Osprey tent is ready!

Osprey tent is ready!

Saturday’s event was a blast!

Two of Osprey’s women made the 8hr trek from SW Colorado to attend and present at the The Women’s Adventure, an organized by Women’s Adventure magazine and held at the stunning outdoor setting of the Boulder Reservoir in Boulder, Colorado. It was a beautiful, sunny day packed with great activities that included scheduled demo and skills-clinics, along with gear testing opportunities. Ladies got a chance to try their hands at fly-fishing, kayaking, paddleboarding, slacklining, rockclimbing, yoga, orienteering and biking. In addition to the gear testing and clinics (Osprey Packs held a women’s fit clinic), there was plenty of relaxing over food and wine samples. Ladies also got an opportunity to pamper themselves at the massage and facial tent. Everyone walked away with something…and there were lots of prizes and giveaways, including kayaks, road bikes and and of course, and Osprey backpacks! With the opportunity to try new activities and learn new skills, participants left inspired and informed.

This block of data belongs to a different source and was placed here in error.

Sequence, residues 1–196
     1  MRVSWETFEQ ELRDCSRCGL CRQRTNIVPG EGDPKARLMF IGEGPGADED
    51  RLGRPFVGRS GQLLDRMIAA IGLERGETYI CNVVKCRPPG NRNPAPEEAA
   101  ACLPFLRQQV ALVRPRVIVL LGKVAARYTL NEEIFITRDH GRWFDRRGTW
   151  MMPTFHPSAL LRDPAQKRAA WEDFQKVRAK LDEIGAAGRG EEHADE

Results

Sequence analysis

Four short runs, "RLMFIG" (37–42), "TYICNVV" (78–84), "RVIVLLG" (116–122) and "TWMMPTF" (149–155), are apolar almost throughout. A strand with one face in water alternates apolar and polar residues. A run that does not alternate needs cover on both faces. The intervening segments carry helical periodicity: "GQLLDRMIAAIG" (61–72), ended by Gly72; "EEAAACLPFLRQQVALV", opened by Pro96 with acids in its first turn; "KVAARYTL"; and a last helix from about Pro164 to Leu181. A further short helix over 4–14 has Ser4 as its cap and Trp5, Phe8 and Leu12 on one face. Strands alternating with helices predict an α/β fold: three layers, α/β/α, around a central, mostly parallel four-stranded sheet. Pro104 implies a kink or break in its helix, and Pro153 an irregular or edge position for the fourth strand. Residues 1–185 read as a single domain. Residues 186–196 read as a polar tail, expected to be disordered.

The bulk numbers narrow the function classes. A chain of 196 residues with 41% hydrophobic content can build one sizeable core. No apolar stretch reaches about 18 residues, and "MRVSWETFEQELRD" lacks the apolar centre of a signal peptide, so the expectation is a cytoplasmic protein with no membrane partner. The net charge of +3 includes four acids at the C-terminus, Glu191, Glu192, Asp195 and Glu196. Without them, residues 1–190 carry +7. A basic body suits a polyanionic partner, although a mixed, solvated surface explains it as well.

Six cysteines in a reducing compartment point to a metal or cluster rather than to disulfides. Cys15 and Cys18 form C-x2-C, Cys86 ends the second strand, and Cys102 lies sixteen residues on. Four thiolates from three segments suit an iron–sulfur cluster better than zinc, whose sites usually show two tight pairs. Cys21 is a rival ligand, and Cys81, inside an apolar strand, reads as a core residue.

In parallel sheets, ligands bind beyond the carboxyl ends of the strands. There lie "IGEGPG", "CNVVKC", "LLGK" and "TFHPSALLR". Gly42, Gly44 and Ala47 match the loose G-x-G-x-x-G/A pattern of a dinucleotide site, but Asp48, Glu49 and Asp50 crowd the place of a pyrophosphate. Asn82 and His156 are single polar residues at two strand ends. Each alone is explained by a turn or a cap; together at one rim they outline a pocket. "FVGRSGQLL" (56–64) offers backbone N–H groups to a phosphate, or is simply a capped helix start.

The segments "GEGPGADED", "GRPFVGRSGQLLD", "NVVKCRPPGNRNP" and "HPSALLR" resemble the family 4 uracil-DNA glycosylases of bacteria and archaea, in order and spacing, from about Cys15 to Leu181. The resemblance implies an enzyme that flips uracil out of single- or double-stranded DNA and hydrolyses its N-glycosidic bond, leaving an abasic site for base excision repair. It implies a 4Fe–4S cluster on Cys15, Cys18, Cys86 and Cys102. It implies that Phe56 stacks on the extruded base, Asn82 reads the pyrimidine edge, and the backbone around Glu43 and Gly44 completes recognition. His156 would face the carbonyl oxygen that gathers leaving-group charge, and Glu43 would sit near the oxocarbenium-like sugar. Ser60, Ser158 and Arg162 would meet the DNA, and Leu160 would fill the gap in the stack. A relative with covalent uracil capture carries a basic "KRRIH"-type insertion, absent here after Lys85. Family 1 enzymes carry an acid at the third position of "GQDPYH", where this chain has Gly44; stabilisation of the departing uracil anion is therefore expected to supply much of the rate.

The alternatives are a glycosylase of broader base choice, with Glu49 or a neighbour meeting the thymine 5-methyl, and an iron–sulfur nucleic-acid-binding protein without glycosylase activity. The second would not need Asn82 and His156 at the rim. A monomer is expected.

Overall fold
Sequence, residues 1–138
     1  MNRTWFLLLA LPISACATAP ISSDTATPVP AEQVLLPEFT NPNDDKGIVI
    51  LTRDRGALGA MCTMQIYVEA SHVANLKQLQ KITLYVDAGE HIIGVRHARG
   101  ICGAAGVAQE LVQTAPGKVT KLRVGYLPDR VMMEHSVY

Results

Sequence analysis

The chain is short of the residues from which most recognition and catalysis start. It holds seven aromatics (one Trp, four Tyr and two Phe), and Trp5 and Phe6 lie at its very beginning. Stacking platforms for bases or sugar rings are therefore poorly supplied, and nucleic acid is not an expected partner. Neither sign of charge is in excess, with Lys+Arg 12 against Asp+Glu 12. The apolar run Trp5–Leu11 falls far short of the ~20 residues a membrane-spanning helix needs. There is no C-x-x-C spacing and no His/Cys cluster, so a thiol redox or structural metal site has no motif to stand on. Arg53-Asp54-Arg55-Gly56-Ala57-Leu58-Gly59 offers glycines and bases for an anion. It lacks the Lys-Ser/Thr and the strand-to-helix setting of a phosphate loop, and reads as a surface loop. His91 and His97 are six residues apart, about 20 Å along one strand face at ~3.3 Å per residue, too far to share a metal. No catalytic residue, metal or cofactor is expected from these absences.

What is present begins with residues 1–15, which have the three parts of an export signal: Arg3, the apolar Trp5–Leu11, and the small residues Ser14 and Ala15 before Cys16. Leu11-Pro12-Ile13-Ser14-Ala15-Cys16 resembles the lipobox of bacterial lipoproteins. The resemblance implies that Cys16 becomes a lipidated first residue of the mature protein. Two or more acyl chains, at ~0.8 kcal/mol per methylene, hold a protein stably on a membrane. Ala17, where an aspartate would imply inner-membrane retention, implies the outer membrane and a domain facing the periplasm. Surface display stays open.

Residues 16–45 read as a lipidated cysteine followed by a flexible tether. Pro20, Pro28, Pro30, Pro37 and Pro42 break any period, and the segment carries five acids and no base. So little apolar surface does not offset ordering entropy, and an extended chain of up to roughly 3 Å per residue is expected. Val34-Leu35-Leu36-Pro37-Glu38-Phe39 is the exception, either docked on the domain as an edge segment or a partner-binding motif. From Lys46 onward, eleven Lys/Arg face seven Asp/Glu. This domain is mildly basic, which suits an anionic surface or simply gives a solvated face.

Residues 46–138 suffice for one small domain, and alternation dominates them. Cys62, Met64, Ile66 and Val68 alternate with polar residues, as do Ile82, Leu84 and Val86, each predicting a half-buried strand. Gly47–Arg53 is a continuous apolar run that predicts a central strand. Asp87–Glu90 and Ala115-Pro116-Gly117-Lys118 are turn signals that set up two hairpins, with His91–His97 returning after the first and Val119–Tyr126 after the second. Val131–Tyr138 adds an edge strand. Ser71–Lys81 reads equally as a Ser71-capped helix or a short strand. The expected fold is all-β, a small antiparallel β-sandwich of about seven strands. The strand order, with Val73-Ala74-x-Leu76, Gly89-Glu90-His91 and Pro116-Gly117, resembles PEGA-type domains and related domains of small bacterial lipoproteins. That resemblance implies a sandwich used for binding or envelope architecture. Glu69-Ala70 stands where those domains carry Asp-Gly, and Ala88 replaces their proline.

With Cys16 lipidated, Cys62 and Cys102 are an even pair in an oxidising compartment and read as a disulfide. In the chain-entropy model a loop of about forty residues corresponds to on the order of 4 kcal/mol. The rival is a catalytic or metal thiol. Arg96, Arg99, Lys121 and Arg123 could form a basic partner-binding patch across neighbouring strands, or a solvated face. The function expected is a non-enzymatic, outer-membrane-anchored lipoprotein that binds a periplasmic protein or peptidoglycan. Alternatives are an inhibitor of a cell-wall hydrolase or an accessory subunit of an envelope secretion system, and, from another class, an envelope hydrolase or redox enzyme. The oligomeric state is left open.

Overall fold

We’ll see you all again next year and all the new faces that come too! You won’t want to miss out!

One of the many fit clinics of the day

One of the many fit clinics of the day

Courtney and Kerry give a fit clinic

Courtney and Kerry give a fit clinic

Ladies enjoying the day

Ladies enjoying the day

Events, Osprey Culture, Outdoor Activities, Product

Training for the Rock Guide Exam—Red Rocks, Nevada

September 28th, 2009

South Las Vegas. One house. Fourteen guides. Heaps of cams and packs in the garage. Stacks of guidebooks on the kitchen table. The air is thick with beta. “Don’t do anything on the Black Velvet wall. Too straightforward. Too many bolts to be on the exam.”